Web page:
The Wajir government has started food distribution to all the sub-counties, following drought.
Governor Mohamed Abdi said this is part of the emergency interventions by the administration to protect livelihoods following a devastating drought.
Speaking at the county headquarters on Saturday morning when he flagged off distribution of food and non-food items, Abdi said the county has procured approximately 1000MT to support over 42,000 households in the 30 wards in more than 300 food distribution points.
The food he said is for the most vulnerable population, adding that and no deserving case should be left out.
“As we roll out this very important exercise, I don’t expect to hear any cases of deserving cases being left out because the identification of beneficiaries was already done through community based targeting where the communities’ leaders and county staff have identified most vulnerable persons within the community,” said the governor.
Special groups such as the orphans, people with disabilities, elderly, single headed families and families with extreme poverty will be targeted.
Institutions with boarding facilities that host orphans, children with mental and hearing impairment will also be supported.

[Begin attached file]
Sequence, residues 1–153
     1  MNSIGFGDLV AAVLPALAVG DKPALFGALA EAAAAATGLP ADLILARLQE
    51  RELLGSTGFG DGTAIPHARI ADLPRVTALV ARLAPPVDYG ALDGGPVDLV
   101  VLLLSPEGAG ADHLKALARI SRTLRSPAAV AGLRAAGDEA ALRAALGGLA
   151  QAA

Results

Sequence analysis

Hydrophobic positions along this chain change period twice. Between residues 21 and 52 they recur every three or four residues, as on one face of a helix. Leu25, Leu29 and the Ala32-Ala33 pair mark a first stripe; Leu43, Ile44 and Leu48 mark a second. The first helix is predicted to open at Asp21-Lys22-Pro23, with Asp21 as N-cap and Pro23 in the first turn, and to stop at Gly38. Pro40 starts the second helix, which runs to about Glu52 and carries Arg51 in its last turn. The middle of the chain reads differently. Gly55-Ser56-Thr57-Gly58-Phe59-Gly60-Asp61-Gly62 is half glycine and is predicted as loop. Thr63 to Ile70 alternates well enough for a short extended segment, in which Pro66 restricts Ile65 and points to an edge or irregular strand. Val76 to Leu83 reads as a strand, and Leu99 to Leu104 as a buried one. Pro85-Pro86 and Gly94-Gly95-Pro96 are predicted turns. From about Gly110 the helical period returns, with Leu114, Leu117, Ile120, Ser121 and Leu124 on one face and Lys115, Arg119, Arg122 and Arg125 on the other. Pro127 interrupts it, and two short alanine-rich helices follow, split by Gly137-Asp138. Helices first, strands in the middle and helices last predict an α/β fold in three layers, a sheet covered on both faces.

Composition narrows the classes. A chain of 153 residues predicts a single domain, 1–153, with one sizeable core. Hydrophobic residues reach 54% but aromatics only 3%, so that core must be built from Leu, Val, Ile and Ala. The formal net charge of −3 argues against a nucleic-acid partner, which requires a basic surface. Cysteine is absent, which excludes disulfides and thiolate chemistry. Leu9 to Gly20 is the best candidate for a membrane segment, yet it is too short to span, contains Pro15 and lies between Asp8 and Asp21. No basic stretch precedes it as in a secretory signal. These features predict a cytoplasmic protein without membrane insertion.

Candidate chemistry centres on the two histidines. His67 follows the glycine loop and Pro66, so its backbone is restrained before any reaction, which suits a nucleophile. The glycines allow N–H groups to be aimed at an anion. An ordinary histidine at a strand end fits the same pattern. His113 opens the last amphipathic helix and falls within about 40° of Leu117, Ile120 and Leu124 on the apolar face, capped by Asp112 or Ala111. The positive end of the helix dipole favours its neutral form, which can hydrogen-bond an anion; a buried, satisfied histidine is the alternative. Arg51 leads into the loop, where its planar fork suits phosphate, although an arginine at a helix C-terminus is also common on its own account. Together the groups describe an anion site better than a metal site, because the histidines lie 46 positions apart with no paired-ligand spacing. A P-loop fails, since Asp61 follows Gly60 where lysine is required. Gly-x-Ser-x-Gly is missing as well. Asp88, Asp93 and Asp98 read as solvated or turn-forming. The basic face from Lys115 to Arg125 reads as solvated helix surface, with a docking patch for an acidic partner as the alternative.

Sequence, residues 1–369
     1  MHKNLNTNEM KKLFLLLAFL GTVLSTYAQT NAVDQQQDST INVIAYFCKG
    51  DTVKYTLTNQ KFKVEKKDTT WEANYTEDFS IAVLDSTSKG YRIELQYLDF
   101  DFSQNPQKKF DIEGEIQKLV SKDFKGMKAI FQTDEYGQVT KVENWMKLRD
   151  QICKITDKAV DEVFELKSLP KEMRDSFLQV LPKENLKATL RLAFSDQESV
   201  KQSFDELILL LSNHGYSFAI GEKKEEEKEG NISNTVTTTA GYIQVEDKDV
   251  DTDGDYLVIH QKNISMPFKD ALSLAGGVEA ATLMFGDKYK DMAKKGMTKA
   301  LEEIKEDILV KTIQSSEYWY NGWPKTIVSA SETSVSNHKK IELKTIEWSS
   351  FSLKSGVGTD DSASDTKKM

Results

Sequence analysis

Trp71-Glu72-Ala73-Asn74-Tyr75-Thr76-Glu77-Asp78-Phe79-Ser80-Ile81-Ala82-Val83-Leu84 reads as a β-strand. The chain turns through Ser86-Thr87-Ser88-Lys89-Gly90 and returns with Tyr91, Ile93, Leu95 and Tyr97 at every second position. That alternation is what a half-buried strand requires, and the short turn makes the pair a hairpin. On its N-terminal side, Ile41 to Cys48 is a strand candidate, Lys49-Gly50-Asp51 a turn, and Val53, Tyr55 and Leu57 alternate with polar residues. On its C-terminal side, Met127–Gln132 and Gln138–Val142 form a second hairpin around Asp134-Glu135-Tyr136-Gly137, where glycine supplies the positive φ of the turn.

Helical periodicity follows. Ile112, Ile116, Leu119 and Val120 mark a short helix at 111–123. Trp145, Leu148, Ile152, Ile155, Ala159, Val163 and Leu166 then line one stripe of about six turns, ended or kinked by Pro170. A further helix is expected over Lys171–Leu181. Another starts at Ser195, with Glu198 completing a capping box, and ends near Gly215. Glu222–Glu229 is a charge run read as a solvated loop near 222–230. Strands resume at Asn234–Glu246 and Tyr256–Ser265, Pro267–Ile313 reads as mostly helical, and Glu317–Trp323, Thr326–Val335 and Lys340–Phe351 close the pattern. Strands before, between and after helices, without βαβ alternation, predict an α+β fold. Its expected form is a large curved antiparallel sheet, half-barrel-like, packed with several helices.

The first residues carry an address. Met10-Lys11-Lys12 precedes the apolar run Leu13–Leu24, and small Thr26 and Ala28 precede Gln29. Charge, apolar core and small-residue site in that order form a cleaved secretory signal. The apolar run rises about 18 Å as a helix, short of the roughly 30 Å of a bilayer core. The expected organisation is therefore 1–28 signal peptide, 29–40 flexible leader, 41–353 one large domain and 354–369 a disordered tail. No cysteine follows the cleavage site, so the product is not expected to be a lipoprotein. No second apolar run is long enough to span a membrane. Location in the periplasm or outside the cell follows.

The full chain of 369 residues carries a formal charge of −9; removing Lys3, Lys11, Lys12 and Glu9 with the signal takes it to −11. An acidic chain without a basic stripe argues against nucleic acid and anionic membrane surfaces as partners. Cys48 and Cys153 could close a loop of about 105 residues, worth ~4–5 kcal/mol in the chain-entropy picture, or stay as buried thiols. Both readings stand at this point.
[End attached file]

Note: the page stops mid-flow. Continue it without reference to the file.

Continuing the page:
The county has experienced various disasters for the last two years from severe drought, flash floods, locust invasion, the Covid-19 pandemic to sporadic bush fire compounded by insecurity which has made our county food insecure.
The county is currently experiencing severe drought as a result of cumulative failure of both Short Rains and Long Rains of 2020 The rains were depressed in most of parts of the sub counties.
Most of the pans have not been impounded, this has led to long distance trekking of already weak animals with no pasture.
A food security assessments done between January 18 to 29 by the National drought Management drought Authority shows severe vegetation deficit, depletion of pastures and browsers and drying of water pans.
There is also overconcentration of livestock on major boreholes which has led to frequent breakdown.
The governor regretted that the frequency and intensity of disaster has increased giving less time for the community to recover from the shocks and stress caused by the disasters.
This is partly due to effects of climate change and global warming.
The governor however said that even as the county supports needy families, provision of relief food to the public is not sustainable, noting that in the long run there was need to put emphasis on crop and livestock production as well as diversification of livelihood.
“The President’s call on investing in food security and nutrition is the way to go and I therefore welcome World Food Programme’s partnership on Sustainable Food Systems Project and that of like-minded organizations,” he said.